Four years ago, President George W. Bush was on shaky political ground. He had barely won the controversial 2000 election, and polls showed that the American people remained doubtful about him. After the terrorist attacks of September 11, 2001, Bush found his voice and the American people rallied around his presidency. Thanks to Osama bin Laden, Bush's popularity soared, and while his ratings had diminished by the 2004 election, his "war on terrorism" helped him win a second term.
In September 2005, another crisis, Hurricane Katrina, killed many Americans, but it has had the opposite effect on Bush's poll numbers, which dropped to an all-time low. Why the startling difference?
For one thing, the September 11 attacks were provoked by a human enemy, and despite inadequate domestic preparations for such an event, Americans' anger was directed outward. Katrina, on the other hand, was a terrible act of nature, but one that was predicted by the national weather service with impressive accuracy. The inadequate preparation and slow response by the Bush administration meant anger was directed at the president.
To be sure, some of the blame for poor preparation belongs to state and local officials. But the administration bears a significant share of the responsibility. In the 2000 election campaign, Bush praised former President Bill Clinton's Federal Emergency Management Administration (FEMA) for its effectiveness. As president, he treated it as a source of patronage, replacing its top officials with political cronies who had little experience in managing emergencies.
To make matters worse, the administration shoehorned FEMA into its massive new bureaucracy, the Department of Homeland Security. During the 2004 election campaign, Bush claimed that the new department had made Americans safer. But the halting and weak response to Katrina called this into question. If it was difficult to evacuate and supply a small city like New Orleans, how would New York or Los Angeles fare?
Katrina has also raised questions about other items on the president's agenda. One of the top priorities had been the Republican plan to complete the repeal of the estate tax on the richest Americans. But, as the costs of responding to Katrina mount, adding to the federal deficit, it seems difficult to proceed as planned.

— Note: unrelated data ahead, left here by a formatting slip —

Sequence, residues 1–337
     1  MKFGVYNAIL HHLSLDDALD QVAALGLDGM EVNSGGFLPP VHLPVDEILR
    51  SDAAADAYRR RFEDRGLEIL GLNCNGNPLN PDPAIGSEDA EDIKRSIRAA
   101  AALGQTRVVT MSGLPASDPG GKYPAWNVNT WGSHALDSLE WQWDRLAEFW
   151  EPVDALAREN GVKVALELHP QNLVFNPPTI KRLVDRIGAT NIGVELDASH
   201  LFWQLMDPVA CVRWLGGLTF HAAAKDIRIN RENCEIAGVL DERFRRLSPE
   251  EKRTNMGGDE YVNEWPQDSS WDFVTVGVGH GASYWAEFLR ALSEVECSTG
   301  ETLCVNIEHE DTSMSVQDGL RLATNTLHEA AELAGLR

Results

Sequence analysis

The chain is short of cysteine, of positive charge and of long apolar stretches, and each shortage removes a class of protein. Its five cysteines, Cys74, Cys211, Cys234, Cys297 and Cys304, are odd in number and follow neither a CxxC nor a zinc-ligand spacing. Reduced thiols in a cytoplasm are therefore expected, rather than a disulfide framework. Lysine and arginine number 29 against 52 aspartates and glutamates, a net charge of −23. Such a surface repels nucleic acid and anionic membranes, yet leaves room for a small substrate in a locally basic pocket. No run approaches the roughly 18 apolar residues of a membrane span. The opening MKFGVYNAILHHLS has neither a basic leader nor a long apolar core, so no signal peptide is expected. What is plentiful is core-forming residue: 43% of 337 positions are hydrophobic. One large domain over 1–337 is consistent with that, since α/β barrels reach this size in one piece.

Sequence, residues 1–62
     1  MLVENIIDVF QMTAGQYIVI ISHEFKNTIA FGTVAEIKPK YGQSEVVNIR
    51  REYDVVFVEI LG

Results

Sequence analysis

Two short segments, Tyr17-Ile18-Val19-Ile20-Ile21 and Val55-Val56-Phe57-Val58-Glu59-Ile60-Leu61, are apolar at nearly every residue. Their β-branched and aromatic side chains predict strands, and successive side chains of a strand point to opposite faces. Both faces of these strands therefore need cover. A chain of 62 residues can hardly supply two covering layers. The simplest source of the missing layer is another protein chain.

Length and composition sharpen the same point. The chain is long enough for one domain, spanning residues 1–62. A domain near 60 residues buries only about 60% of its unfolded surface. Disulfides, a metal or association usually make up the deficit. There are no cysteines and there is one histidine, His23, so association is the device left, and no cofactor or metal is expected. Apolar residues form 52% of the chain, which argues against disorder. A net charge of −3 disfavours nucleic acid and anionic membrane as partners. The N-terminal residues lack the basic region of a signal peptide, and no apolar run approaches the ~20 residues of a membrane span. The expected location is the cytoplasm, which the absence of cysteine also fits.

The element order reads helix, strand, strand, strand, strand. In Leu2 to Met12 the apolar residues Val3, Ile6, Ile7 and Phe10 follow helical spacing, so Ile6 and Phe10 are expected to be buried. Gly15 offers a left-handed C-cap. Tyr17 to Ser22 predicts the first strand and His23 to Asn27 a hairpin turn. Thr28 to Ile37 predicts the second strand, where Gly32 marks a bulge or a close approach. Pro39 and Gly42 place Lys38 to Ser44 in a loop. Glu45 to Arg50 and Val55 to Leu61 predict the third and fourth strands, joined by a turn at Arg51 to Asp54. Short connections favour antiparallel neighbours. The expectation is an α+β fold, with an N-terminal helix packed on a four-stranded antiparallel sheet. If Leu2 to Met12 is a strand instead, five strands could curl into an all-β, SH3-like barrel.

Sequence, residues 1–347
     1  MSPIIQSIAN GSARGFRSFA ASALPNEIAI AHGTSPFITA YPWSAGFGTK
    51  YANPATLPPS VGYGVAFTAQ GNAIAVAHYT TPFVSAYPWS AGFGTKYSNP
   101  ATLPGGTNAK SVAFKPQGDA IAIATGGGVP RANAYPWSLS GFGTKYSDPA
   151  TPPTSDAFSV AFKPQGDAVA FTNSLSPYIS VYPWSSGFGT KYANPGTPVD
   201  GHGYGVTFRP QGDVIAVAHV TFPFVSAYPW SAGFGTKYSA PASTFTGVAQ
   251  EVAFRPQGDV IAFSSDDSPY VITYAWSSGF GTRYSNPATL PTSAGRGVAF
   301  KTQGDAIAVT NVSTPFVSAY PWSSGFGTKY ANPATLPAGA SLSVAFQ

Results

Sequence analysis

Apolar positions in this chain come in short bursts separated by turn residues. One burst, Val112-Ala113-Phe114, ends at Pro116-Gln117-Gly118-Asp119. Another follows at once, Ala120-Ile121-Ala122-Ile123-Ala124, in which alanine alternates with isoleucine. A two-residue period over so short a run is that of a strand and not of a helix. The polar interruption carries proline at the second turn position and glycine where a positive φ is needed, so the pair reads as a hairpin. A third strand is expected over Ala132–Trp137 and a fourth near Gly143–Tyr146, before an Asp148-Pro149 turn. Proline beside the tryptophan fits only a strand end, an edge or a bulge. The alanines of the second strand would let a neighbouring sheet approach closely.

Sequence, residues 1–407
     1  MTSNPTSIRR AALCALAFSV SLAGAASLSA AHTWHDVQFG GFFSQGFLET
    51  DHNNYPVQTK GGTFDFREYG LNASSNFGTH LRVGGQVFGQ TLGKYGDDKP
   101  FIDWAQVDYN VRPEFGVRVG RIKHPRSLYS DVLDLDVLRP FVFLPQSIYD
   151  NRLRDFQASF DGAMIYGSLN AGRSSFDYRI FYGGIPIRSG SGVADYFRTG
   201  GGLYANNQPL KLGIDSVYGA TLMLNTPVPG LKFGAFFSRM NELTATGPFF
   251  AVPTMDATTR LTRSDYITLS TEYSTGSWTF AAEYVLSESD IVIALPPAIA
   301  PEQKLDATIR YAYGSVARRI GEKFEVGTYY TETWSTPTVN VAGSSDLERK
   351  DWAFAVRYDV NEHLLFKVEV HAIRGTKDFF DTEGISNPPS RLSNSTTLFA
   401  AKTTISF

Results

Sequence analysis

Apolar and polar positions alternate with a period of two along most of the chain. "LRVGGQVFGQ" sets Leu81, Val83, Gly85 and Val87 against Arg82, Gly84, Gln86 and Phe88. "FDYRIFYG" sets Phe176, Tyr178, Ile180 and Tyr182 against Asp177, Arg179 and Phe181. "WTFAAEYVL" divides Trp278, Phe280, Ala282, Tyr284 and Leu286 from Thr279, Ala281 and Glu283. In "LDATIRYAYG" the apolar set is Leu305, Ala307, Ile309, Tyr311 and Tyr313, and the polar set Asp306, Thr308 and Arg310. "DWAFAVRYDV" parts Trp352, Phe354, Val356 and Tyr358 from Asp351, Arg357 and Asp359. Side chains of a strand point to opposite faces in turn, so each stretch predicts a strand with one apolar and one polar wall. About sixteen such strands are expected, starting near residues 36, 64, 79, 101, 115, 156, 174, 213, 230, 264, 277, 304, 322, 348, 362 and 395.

Moreover, rising gasoline prices have called attention to the shortcomings of the Bush administration's energy policy, which includes recently passed legislation that contains inadequate requirements for energy conservation. The press, meanwhile, has reported on speculation about the relationship between warmer ocean waters and the frequency of severe hurricanes, thus highlighting the low priority that the administration has given to environmental problems in general and global climate change in particular.
But Bush will survive Katrina. The floodwaters will recede in New Orleans and reconstruction will begin. Already the scenes of looters exploiting the chaos in the early aftermath of the storm have been replaced with stories of charitable contributions from other parts of the country, of children being accepted into schools outside the city, and of families being helped by strangers. On the anniversary of the September 11 attacks, a unit of the New York City Police Department was helping in New Orleans, and the city returned a fire engine that New Orleans had earlier donated as a symbol of solidarity.
Katrina is thus likely to be a footnote in the history of the Bush presidency. The real question for Bush's role in history remains Iraq.
The short-term effect of Katrina was to drive stories about Iraq off television screens and newspaper front pages. But the news from Iraq before the storm was bad and hasn't gotten better. The majority Shiites and their Kurdish allies rejected Bush's plea to Iraqi politicians to modify the new draft constitution to attract disgruntled Sunni Arabs. Given that the insurgency is centered on the Sunnis, this refusal is likely to make it more difficult to establish the security that is necessary for democratic government to work.
Of course, the Sunnis comprise a minority in Iraq, so insurgents have little prospect of "winning" control of the country the way North Vietnam was able to win control of South Vietnam. But that is little consolation, because they can still disrupt progress toward a stable constitutional government. At worst, they may be able to foment a civil war.
Despite claims by the extreme left and right around the world, America is not an imperial nation. Domestic public opinion will support the use of force if people feel threatened or believe that the cause is just; but Americans have little interest in ruling over other nations. That's why neoconservative appeals to the example of the British Empire are far-fetched. The idea that American troops will stay in Iraq indefinitely is implausible.
This means that Bush has only a relatively short time to achieve his goals in Iraq. If he is able to produce a stable constitution, a political compromise among the contesting parties, and successful elections, he may be able to declare victory. But right now, the prospects look dubious. Even before the floodwaters of Katrina recede, Bush will need to focus on his Iraq conundrum, because long after Katrina has been forgotten, history will judge his presidency by how he resolves it.
Joseph S. Nye is a professor at Harvard University and author of "Soft Power:
The Means to Success in World Politics."
THE DAILY STAR publishes this commentary in collaboration with Project Syndicate (www.project-syndicate.org).